Different ways of identifying who has actually died from Covid-19 is not as straight forward as it may seem, and the implications are huge
There is a common assumption in medical and epidemiology studies. Death is a hard endpoint. Meaning you can’t fudge if someone has died. However, the statistics associated with the coronavirus pandemic has given rise to an all important question. How exactly are Covid-19 “deaths” determined. Conspiracy theorists on both the left and right side of the political spectrum have ignited social media, and presidential health briefings, with accusations that the true death count has been either over or under counted. As a retired physician who has signed hundreds, maybe even thousands, of death certificates during my career, it is not as simple as it may seem. Unless you die from say a bullet to the head, in the end most diseases that result in death do so by having the lungs and or heart give out. In the case of Covid-19, the organ that usually fails and leads to death is the lungs. But death here is due to Covid-19 and not “lung failure.” Death certification differs from state to state, and country to country. However, most death certificates force the doctor to list only one cause of death. Yet they also allow two to three “contributing” causes. For the sake of this discussion, I will deal with only the main cause of death.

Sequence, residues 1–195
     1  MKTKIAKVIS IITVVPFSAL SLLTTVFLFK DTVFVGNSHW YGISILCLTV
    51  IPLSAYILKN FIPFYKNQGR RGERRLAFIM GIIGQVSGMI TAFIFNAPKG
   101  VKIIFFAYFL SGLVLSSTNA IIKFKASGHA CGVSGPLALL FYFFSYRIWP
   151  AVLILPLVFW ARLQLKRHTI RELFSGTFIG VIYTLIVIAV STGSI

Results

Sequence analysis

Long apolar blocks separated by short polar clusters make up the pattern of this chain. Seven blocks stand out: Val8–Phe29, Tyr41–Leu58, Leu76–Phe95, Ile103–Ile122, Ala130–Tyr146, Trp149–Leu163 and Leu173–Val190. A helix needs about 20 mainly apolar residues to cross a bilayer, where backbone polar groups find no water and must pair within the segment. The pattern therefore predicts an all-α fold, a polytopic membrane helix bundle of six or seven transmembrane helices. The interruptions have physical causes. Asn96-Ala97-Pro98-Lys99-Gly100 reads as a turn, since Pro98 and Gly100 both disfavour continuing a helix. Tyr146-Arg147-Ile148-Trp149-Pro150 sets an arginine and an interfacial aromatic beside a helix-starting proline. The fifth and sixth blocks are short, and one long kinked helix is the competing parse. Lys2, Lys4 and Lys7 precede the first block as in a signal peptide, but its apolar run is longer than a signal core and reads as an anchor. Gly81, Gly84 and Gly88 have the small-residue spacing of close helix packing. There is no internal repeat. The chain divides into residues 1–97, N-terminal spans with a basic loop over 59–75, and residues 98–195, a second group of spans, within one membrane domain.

How is a Covid-19 death determined?
Many coronavirus patient deaths are easy to determine. Say patient “A” is elderly and in a nursing home. There is a documented outbreak of the virus at the home, and he or she becomes ill. One, or more, Covid-19 swab tests return positive. The patient becomes so sick that they are transferred to a hospital and then an intensive care unit where they have pneumonia and are placed on a ventilator. A few days later they die. Cause of death is Covid-19. It does not matter that they had emphysema, or one lung from cancer, or in the end blood clots in the lung. The cause of death was the virus. For without the viral infection, they might have lived. The others are “secondary” or “contributing” factors. On the other hand, take patient “B” , who is otherwise in good health and comes down with typical Covid symptoms. His doctor orders a swab test and it is positive. He stays home for ten days and is much better. He leaves to go shopping…